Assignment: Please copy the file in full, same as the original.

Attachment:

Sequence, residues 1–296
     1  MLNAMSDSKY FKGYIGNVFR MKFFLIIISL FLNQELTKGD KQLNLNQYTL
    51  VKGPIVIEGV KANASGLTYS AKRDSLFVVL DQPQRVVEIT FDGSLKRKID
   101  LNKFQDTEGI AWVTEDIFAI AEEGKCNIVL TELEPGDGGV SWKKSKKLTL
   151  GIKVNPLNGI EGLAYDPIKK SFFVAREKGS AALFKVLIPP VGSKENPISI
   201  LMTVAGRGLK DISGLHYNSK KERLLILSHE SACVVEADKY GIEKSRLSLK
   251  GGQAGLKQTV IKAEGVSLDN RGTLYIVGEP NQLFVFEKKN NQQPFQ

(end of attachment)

Sequence, residues 1–296
     1  MLNAMSDSKY FKGYIGNVFR MKFFLIIISL FLNQELTKGD KQLNLNQYTL
    51  VKGPIVIEGV KANASGLTYS AKRDSLFVVL DQPQRVVEIT FDGSLKRKID
   101  LNKFQDTEGI AWVTEDIFAI AEEGKCNIVL TELEPGDGGV SWKKSKKLTL
   151  GIKVNPLNGI EGLAYDPIKK SFFVAREKGS AALFKVLIPP VGSKENPISI
   201  LMTVAGRGLK DISGLHYNSK KERLLILSHE SACVVEADKY GIEKSRLSLK
   251  GGQAGLKQTV IKAEGVSLDN RGTLYIVGEP NQLFVFEKKN NQQPFQ